Little coincidences helped along our workbench to garden seat plan. At Bunnings I found two ‘tomato tub’ planters that fit exactly into the top of the side sections. We also had a piece of leftover retaining wall timber almost exactly the length we’d need for the seat. And my aloe vera plants needed repotting.

Paul only had to cut out the middle section of the top front strip of metal. After he removed the old top I gave the frame three coats of a sealer for rust-effect paints, so it wouldn’t get so rusty that it fell apart.

While it was drying Paul cut the piece of leftover retaining wall into two pieces to fit the ‘seat’ section of the middle. Then he turned the top into the back of the seat by drilling holes in it and slotting it into some bolts. I left the wood unfinished, and hope the seat will go as grey as the old top.

Finally, I replanted my aloe veras into the pots and added some creeper succulents that will, hopefully, grow over the edge of the pots and cascade down the front.

So here it is:

I’m rather chuffed with the result. We’ve managed to preserve the rustic nature of the bench while giving it a new life as a seat. And made minimal changes in the process. I wonder if my Pa would have liked it, or thought it a bit strange!

Pa’s Workbench

My mother’s father was the first of my grandparents to pass away. He died back in the 80s after many years of alzheimer’s, which started at an early age. I remember him as a quiet and simple man, who was always tinkering in the garage.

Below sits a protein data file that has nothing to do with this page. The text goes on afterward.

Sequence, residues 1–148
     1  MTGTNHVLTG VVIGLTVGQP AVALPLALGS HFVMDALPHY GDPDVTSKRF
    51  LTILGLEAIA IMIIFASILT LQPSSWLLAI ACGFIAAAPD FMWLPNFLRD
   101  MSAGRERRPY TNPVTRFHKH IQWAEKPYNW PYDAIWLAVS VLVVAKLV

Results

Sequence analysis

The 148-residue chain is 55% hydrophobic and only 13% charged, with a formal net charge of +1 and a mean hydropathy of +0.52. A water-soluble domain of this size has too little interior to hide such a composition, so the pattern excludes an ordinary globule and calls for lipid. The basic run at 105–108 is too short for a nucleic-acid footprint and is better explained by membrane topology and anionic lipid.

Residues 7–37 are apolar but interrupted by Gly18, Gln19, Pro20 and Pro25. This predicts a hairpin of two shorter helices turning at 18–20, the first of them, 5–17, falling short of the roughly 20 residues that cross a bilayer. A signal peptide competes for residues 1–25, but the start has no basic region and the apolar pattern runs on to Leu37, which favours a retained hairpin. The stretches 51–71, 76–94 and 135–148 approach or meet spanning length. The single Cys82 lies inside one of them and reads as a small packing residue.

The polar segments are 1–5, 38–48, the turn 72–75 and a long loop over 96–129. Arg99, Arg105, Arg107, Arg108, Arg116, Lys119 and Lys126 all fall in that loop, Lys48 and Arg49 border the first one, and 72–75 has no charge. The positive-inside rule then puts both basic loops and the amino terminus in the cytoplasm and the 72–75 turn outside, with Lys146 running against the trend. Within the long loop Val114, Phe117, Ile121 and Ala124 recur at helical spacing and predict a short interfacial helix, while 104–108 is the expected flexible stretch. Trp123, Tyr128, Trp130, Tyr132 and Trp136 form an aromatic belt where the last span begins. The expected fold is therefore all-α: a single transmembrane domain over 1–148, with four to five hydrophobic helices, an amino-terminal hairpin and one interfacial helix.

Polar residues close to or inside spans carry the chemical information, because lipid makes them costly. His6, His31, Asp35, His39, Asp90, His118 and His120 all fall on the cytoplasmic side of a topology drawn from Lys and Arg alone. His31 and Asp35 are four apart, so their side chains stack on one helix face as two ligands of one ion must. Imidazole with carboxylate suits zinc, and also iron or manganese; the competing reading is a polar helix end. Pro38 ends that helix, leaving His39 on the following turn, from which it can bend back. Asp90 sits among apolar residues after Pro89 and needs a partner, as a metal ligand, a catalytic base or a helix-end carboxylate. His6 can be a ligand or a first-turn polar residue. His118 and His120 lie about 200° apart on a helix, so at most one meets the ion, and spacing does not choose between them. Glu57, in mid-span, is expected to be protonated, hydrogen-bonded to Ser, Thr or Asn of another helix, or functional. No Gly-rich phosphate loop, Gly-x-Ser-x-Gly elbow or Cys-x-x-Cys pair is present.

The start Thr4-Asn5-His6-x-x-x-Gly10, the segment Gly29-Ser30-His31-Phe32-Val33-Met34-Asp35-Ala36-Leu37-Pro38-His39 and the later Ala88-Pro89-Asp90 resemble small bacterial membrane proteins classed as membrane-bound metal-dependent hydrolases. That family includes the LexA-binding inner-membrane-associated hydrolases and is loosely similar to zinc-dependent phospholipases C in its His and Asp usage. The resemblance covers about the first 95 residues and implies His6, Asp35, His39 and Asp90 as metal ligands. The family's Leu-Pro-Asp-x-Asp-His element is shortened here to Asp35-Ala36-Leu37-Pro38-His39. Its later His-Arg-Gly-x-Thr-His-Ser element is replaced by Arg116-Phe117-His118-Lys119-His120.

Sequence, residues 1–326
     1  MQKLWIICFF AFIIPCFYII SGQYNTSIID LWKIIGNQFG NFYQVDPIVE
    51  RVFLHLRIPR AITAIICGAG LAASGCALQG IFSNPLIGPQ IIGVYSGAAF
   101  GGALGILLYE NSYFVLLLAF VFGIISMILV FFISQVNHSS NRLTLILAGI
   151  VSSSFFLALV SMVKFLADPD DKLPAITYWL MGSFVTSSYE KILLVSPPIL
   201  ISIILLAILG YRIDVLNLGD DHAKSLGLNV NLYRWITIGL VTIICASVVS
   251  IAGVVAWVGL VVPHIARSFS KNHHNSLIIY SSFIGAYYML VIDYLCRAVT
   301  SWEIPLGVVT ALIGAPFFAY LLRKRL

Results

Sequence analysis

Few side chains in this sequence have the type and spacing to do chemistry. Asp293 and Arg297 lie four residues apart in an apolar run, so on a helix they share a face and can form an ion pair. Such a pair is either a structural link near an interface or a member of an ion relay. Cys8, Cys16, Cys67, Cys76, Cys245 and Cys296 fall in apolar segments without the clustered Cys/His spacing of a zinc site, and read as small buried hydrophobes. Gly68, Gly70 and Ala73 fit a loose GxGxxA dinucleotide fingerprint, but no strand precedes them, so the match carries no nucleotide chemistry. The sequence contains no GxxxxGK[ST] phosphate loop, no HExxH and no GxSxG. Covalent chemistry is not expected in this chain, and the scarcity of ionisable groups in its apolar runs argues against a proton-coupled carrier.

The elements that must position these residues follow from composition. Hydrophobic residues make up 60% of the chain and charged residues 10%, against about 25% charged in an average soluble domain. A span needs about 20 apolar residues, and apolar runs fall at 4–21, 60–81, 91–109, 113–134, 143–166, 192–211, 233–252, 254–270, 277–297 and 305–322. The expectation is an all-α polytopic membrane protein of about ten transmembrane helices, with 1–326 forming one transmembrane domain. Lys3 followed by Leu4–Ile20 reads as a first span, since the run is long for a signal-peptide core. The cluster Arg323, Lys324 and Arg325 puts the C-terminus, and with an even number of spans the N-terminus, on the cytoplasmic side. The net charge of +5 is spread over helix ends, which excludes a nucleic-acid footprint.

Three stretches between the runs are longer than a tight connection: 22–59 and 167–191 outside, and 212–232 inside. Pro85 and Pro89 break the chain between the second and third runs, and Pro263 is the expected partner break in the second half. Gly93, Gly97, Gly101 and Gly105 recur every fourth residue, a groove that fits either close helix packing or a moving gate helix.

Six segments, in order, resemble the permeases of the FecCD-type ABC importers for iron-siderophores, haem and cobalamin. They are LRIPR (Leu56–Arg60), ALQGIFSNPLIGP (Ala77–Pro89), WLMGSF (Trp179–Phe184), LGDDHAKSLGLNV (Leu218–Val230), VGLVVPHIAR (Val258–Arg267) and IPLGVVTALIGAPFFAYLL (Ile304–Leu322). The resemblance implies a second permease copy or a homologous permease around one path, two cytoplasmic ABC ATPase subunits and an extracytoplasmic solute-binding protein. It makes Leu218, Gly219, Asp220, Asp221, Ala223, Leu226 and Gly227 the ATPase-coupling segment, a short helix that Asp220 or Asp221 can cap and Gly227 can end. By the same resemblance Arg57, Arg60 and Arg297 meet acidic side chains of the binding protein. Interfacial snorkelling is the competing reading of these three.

I inherited a sturdy clothes horse that he made that I’ve had in constant use since then (and who knows how long it was being used before then), his home-made incredibly heavy wooden tool box, some of his tools, and his workbench – from which the vice had already been taken.

The workbench is like I remember Pa: well-worn, simply made and big.

We’d kept it in the old garage as storage, but it doesn’t really fit in the new one. Paul was considering keeping it in the studio as a bit of rustic furniture – more a curiosity piece than practical storage – but then I had a brainwave. I’ve been wanting garden benches for years and my design involved Paul welding together metal bases and using the leftover decking wood scraps for the tops. But Paul hadn’t got around to making them, what with other home projects becoming higher priority.

The workbench has a metal base and a wood top. Why not convert it? So I put my idea to Paul, we worked out how we were going to do it, and went shopping…

It Must Be Spring